Spammers are capitalising on the slow economy to push financial services scams to unwary users.
Researchers at Symantec reported that financial spam flourished in May as consumers sought new ways to save money and manage debt.
Bogus real estate services and petrol discounts were among the most popular scams.
Many of the spam messages solicited services to help homeowners avoid foreclosure and manage their mortgages.
The petrol spam focused primarily on cards and coupon programmes claiming to save money at the pumps, as well as devices which claim to provide users with better mileage.
"Symantec continues to see spammers capitalising on the economic slowdown in order to harvest personal information," the company said.
"The emails are unfortunately aiming to capitalise on the economic situation and prey on those facing overwhelming financial pressures in today's economic market."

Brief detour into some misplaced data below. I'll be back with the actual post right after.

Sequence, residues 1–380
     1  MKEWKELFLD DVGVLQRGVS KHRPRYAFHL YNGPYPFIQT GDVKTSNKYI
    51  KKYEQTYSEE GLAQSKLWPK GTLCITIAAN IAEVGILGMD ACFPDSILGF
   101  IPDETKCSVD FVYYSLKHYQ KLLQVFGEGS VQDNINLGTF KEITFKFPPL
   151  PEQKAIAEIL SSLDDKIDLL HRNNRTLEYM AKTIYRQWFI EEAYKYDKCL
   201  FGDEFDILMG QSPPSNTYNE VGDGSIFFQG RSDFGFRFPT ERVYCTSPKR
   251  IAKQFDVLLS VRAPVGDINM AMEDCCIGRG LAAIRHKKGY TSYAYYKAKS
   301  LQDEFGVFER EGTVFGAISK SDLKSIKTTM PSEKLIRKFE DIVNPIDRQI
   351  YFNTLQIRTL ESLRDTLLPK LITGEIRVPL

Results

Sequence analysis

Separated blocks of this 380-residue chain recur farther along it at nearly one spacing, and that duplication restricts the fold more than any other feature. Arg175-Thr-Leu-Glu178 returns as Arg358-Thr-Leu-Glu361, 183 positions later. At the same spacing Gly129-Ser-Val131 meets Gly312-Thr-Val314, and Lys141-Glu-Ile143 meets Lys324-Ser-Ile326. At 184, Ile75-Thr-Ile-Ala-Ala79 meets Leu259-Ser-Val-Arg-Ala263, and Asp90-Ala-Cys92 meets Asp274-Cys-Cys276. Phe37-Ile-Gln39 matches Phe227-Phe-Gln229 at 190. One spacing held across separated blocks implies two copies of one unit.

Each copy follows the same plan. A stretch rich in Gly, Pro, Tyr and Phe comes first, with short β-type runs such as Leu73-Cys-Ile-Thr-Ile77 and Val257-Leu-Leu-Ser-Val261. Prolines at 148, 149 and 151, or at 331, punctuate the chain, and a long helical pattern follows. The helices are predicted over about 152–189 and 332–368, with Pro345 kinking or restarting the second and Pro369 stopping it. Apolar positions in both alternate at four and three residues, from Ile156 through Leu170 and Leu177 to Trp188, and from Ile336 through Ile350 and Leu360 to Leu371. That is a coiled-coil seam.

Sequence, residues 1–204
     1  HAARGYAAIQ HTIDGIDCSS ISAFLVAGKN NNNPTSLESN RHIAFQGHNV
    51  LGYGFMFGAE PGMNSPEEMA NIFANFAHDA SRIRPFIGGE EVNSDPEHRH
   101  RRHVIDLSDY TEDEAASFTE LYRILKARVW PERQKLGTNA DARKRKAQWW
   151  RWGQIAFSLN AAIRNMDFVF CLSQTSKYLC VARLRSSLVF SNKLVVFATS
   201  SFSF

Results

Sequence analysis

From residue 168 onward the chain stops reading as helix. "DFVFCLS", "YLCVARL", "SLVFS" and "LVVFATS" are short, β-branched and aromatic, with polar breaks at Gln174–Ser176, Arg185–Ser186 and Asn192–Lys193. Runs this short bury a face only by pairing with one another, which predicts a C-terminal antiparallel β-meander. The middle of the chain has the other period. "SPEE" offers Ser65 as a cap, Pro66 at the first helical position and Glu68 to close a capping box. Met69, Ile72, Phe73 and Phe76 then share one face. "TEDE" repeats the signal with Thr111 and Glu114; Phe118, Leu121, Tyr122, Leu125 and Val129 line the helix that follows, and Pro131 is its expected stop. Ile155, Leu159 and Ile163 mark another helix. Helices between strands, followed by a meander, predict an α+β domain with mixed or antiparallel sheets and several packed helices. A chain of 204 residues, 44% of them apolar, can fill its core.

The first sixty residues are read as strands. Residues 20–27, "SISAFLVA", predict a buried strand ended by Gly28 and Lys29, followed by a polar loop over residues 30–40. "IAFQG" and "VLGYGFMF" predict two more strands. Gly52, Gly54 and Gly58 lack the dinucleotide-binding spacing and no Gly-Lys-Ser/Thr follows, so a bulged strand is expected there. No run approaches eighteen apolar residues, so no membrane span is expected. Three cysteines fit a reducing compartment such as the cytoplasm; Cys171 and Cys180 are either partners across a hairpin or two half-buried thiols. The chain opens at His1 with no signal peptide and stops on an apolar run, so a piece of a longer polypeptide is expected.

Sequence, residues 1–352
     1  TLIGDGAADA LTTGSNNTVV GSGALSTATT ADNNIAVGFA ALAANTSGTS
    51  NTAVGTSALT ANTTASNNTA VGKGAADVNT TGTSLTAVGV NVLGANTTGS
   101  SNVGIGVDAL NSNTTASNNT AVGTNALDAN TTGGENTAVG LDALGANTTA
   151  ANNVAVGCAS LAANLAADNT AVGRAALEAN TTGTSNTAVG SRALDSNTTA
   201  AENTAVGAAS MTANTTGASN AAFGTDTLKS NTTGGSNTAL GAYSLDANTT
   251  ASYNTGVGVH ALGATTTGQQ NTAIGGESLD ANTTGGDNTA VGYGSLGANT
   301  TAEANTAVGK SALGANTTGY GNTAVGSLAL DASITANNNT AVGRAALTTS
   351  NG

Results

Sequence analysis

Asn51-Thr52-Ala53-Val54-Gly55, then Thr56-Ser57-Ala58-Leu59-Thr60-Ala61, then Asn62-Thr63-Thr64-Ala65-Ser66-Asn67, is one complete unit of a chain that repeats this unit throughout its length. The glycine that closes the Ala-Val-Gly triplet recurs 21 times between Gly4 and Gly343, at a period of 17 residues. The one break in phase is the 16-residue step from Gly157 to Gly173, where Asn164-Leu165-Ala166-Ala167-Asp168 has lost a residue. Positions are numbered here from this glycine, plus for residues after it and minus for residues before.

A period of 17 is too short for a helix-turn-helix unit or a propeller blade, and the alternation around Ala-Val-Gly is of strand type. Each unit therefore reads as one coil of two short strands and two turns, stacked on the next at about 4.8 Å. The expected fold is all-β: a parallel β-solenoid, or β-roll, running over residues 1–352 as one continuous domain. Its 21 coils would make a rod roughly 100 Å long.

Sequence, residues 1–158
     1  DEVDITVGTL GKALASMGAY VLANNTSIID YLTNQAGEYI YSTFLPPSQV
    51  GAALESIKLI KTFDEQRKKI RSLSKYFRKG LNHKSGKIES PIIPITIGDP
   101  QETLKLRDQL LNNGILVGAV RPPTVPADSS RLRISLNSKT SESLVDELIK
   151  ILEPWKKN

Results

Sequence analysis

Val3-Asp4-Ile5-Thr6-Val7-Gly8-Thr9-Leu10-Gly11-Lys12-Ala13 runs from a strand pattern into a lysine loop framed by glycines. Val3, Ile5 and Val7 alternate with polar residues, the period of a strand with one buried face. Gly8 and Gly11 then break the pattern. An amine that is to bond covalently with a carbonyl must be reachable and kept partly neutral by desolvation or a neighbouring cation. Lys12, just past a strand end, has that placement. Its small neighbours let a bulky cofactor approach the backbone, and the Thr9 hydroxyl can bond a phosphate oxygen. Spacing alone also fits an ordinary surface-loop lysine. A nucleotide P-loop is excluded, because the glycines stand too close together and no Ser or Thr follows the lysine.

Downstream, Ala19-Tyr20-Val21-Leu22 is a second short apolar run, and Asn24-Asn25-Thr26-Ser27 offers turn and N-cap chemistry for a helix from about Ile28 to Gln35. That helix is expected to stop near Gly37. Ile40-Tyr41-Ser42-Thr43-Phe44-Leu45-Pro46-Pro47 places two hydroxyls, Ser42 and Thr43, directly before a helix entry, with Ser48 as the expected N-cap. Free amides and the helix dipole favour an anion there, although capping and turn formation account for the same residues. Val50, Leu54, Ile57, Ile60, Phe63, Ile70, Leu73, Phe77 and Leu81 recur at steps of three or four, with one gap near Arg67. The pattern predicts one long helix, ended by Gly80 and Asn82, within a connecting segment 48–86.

Scammers were also quick to jump on current events. Among the most popular phishing attacks in May were emails purporting to come from the US Internal Revenue Service.
The messages concerned the 'stimulus payments' being made to taxpayers this year. Users were told that, in order to obtain the payment, they would need to provide financial details to the spammer.
The earthquake in China and the cyclone in Burma provided ample opportunity for scammers to defraud well-meaning users. Symantec recorded a rash of fake charity and 419 scams in the aftermath of both disasters.
Yet another scam exploited the UEFA Champions League final. Users were persuaded to provide personal information to a phoney travel agency claiming to sell tickets for the game.
Engineer calculates that Chengdu's plan to replace streetlights with artificial moonlight would cost $100bn
Research could also apply to other 'space weather' events involving hot, fast-moving plasma
Dark matter holds the Universe together - and gravitational waves could help identify it
Addison Lee is working on autonomous taxis for commuting and pleasure